The Bicknell Family Center for the Arts is accustomed to hosting music events but not every day does it host an event with music played only on Steinways.
The Treble Clef Club presented the third annual “Piano Festival and Competition” on June 8 starting at 8 a.m. and going until the winner’s concert at 3 p.m. The festival included contests from around the 4-State area and the contestants were judged by local music professionals. The judges were Barbara York, local composer and accompanist for the PSU department of music, Susan Lauschman, decorated pianist and choir director at Pittsburg High School, and Debra Snodgrass, professor of piano at Missouri Southern State University.
“We had a good response in both the older and the younger categories..,” said Janis Saket, member of the Treble Clef Club and organizer of the Festival. “The quality is unbelievable.”
Saket said that the festival and competition falls “right in line” with the Treble Clef Club’s mission.
“We want to spread music,” Saket said. “We also want to support our Pittsburg community, and Pittsburg already has a lot, but we feel like it is really part of us to bring it (the piano festival and competition) in. The outreach has been good.”
After all contestants had performed, it was announced at 1 p.m. that Tanner Henley had won in the Young Artist’s Division playing the Edvard Grieg Piano Concerto and Andrea Lee had won in the Junior Artist’s Division playing the third movement of a piano concerto by Ludwig Van Beethoven.
“When people come, they are going to be amazed,” Saket said. “The contestants are amazed at what we have (the Bicknell Center), though that’s no surprise to us. Pittsburg does not get to hear this level of playing that often. We have wonderful pianists in Pittsburg, but we do not have pianists en masse.”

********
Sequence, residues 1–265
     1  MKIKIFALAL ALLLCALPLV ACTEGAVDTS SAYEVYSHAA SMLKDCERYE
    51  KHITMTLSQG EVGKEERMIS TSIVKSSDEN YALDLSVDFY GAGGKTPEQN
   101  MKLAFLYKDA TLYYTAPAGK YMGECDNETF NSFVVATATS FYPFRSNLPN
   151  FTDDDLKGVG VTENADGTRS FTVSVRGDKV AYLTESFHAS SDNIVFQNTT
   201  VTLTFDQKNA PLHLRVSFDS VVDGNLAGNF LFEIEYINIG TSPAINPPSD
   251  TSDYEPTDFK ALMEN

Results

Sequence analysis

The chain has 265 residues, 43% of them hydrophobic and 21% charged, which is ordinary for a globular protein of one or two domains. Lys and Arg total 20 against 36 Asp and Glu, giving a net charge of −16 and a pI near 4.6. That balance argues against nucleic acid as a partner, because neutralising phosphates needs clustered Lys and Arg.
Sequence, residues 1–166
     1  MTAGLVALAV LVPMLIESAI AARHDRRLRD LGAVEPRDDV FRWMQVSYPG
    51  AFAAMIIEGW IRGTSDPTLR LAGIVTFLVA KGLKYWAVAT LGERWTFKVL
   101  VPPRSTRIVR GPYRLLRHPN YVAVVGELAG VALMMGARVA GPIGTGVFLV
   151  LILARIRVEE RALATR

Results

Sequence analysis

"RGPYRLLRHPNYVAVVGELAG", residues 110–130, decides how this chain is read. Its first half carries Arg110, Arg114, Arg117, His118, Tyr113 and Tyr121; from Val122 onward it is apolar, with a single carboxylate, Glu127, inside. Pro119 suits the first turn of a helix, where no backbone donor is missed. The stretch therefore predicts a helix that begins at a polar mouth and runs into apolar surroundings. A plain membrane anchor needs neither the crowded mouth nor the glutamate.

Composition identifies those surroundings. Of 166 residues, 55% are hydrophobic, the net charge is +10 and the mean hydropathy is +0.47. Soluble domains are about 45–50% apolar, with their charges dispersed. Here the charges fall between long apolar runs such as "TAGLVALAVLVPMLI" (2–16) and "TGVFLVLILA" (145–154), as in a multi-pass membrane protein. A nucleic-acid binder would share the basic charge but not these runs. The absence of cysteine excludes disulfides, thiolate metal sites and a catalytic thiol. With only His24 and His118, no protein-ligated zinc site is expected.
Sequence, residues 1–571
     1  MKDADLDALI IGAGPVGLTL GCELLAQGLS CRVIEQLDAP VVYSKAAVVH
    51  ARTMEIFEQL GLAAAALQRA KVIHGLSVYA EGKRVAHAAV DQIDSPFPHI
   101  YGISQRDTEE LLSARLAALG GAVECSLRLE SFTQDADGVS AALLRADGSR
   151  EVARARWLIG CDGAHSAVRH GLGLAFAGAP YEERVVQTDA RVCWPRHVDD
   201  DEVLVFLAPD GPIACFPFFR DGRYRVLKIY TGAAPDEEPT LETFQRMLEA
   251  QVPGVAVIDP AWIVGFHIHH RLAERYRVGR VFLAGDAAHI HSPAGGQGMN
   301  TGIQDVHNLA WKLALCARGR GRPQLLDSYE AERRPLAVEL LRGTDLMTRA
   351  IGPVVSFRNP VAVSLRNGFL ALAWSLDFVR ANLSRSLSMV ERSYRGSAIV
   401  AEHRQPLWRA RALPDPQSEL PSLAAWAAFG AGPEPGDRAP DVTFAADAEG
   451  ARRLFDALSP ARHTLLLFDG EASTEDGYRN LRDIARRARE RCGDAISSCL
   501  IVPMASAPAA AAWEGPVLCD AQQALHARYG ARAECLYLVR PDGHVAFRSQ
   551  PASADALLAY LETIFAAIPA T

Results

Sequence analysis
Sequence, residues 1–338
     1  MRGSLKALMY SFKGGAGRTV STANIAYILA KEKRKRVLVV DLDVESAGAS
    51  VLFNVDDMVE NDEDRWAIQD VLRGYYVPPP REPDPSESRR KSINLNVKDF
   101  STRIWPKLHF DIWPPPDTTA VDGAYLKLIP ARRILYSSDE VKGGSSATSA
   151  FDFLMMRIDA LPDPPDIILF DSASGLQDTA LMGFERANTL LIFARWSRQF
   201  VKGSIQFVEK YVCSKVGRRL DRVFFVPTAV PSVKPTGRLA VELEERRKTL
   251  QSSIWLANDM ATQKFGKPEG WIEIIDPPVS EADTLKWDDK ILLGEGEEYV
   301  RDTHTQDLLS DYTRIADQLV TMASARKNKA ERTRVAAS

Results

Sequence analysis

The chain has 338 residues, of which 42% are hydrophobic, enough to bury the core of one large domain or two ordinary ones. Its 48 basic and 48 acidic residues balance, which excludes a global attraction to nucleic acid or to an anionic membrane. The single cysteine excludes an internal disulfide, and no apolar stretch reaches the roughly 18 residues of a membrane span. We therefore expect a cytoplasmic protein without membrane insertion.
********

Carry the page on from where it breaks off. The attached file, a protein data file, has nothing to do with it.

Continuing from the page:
The winners will get to perform with the Festival Orchestra under the direction of SEK Symphony director Raúl Munguia on June 29 for the Piano Festival Concert. The concert will feature guest artist Mark Hayes, an internationally-recognized pianist, conductor, and composer. Hayes will give a concert entitled “Mark Hayes in Person” at 7:30 p.m. on June 28 with a local jazz trio made up of Matthew Clarke, Matthew Reimer, and Joe Pauli.
“I like to get the big picture first, just their musicianship,” said Lauschman. “Then, I quickly head into the details (after hearing the contestants play).”
Lauschman, a “long time Treble Clef Club member,” said she was pleased to be asked to judge the competition along with York, who has judged the competition both times previously and with her colleague Snodgrass.
“I like to imagine what I would tell them if they were in my piano studio,” Snodgrass said. “… Sometimes, it is a little hard to put into words. I would rather show them how to play versus explain it to them.”
Snodgrass was once a contestant on Miss America and has performed regionally and nationwide in a variety of venues.
“The competition holds up the standard of musical art,” Snodgrass said. “In the world of education, we (music) have kind of suffered due to budget cuts… We want to bring musical arts into the public eye and say, ‘This is good for your children. This is good for the community.”
York also added that the Festival is thankful for a supportive community.
“For a town this size, the community is remarkably supportive, and our Treble Clef Club is really active and they give out scholarships to encourage other people to do music, and this just draws more attention..,” York said.